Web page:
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Massachusetts girl hit by a car, listed in critical condition

On behalf of posted in Pedestrian Accidents on Monday September 21, 2015

Drivers are expected to know and understand the rules of the road. If they do not, or simply fail to obey them, serious accidents can happen. Unfortunately, people who are running late or become impatient and choose to ignore simple traffic laws can cause serious harm. For example, police in Massachusetts believe a young girl was hit by a car that was attempting to pass a stopped bus.

The bus was stopped at a designated bus stop just before 3:30 p.m. one afternoon in mid-September. According to reports, a young girl exited the bus and was attempting to cross the street in front of it. Unfortunately, she was struck by a car driven by a 54-year-old woman.

Witnesses claim that the woman’s car had been stopped behind another vehicles and the bus when she reportedly crossed dividing traffic lines, passed the two cars between her and the bus before passing the bus. She is said to have initially struck the girl but continued on, striking her a second time. The car is believed to have struck four more vehicles before coming to a rest.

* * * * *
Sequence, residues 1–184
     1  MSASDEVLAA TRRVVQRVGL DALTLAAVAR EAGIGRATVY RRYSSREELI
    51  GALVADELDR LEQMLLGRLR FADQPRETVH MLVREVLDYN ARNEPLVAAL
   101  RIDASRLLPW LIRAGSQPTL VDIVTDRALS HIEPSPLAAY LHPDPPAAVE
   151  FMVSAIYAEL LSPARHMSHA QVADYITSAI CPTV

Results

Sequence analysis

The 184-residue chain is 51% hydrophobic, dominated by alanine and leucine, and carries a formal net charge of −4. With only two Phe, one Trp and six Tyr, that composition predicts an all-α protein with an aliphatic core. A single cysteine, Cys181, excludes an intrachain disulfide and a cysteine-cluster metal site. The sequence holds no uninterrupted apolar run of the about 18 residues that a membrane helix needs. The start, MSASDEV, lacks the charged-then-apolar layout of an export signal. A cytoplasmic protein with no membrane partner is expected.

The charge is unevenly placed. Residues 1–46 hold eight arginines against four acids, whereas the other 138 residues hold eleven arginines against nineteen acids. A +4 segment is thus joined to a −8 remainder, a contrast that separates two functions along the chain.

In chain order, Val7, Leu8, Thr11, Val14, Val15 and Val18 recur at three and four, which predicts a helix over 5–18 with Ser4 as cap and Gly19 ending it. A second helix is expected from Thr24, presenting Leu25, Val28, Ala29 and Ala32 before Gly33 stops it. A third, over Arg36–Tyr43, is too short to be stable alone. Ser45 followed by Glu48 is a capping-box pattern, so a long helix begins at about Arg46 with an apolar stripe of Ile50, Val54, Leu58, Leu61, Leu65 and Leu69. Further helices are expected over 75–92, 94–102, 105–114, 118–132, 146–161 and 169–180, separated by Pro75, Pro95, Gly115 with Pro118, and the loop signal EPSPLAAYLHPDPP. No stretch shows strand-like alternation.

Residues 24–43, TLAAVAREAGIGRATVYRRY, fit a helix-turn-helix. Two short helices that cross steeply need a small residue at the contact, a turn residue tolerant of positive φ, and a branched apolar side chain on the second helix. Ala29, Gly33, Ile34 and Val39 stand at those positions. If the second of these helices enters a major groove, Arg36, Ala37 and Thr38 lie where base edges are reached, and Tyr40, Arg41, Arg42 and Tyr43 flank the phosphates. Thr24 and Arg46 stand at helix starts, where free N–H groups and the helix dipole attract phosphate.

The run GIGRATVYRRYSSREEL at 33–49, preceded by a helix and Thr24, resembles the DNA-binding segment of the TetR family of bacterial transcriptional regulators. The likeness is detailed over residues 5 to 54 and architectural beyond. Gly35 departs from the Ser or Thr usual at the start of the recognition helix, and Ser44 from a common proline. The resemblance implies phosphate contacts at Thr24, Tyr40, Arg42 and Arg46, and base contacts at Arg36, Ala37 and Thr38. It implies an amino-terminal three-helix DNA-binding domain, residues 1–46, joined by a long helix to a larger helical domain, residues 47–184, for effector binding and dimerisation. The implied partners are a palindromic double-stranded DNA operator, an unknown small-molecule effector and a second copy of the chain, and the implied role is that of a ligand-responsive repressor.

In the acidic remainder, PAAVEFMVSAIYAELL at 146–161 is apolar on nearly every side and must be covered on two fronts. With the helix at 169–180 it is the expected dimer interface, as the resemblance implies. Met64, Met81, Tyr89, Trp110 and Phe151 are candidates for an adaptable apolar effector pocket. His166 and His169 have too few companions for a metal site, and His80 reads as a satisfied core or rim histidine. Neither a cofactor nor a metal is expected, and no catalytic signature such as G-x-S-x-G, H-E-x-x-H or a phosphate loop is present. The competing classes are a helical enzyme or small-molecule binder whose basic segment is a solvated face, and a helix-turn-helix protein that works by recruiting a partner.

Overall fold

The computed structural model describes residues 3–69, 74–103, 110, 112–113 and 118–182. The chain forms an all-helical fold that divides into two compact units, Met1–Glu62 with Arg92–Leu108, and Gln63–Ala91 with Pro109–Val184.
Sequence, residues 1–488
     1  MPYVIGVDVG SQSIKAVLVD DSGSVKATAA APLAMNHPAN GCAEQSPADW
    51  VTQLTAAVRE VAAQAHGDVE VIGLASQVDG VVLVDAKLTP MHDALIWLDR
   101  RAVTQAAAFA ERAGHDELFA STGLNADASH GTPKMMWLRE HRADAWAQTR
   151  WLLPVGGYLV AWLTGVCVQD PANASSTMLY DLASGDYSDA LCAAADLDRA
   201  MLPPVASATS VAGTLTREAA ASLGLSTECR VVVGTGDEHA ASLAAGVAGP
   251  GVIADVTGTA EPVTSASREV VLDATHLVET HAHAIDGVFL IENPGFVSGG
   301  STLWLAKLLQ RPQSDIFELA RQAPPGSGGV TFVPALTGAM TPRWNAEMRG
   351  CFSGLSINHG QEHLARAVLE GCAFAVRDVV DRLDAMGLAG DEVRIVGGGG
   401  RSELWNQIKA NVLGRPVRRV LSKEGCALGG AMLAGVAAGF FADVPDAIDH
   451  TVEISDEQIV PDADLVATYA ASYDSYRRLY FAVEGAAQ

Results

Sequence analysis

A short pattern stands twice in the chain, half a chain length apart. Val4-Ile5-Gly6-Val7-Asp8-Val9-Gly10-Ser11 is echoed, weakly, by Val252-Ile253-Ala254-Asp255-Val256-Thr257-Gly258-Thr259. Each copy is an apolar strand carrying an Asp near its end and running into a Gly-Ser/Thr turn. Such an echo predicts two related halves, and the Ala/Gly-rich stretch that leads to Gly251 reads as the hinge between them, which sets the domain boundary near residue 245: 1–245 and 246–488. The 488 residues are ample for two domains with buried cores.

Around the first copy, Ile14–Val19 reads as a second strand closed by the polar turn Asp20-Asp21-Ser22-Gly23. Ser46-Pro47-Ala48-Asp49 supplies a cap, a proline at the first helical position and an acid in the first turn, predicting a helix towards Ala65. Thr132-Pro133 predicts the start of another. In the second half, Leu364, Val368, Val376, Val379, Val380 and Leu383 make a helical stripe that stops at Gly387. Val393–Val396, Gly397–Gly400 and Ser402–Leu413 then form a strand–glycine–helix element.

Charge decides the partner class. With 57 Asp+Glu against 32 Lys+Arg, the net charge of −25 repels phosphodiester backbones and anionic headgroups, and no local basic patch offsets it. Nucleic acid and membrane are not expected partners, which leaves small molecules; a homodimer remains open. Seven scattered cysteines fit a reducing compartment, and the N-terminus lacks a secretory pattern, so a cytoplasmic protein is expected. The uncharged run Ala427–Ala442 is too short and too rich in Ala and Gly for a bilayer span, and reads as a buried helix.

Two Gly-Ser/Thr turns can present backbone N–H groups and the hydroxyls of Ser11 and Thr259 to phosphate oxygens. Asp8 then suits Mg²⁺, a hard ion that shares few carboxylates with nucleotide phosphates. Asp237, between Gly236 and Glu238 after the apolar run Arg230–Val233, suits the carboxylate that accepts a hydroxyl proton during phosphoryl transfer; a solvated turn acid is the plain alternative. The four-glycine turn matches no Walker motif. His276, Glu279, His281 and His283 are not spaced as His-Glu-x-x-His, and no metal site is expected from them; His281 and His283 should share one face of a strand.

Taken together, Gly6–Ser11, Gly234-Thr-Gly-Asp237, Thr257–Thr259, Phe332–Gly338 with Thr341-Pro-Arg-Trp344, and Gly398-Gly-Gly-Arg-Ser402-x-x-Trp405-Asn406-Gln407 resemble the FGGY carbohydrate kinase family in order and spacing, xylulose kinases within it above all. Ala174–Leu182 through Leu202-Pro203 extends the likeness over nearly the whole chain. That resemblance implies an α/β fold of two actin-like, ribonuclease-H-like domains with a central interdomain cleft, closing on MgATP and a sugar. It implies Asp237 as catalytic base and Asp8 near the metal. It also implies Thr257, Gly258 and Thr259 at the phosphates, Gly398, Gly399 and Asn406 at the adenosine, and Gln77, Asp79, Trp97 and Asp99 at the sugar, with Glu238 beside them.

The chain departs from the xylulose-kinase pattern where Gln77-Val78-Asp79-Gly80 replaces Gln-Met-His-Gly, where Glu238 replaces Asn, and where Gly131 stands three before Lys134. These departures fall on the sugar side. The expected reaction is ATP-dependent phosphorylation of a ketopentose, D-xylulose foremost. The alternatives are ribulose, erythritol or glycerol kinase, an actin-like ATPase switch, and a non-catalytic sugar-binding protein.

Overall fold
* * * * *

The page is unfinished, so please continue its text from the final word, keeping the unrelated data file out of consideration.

The woman has not yet been charged, though her license to operate a motor vehicle has been revoked; criminal charges will likely be filed once the investigation into the Massachusetts accident is complete. Unfortunately, the young girl who was hit by a car likely has a long, expensive road to recovery. Regardless of whether criminal charges are filed against the driver believed to have struck her, the family of the young girl has the option of filing a personal injury lawsuit. If they can prove that negligence on the part of the driver caused the accident and injuries that resulted, they could receive an award of damages that will help provide for medical expenses as well as other unexpected financial ramifications stemming from the accident.

Source:, “Young Girl Critically Injured After Being Hit by Car at Bus Stop“, Marc Fortier and Daniela Christenakis, Sept. 18, 2015

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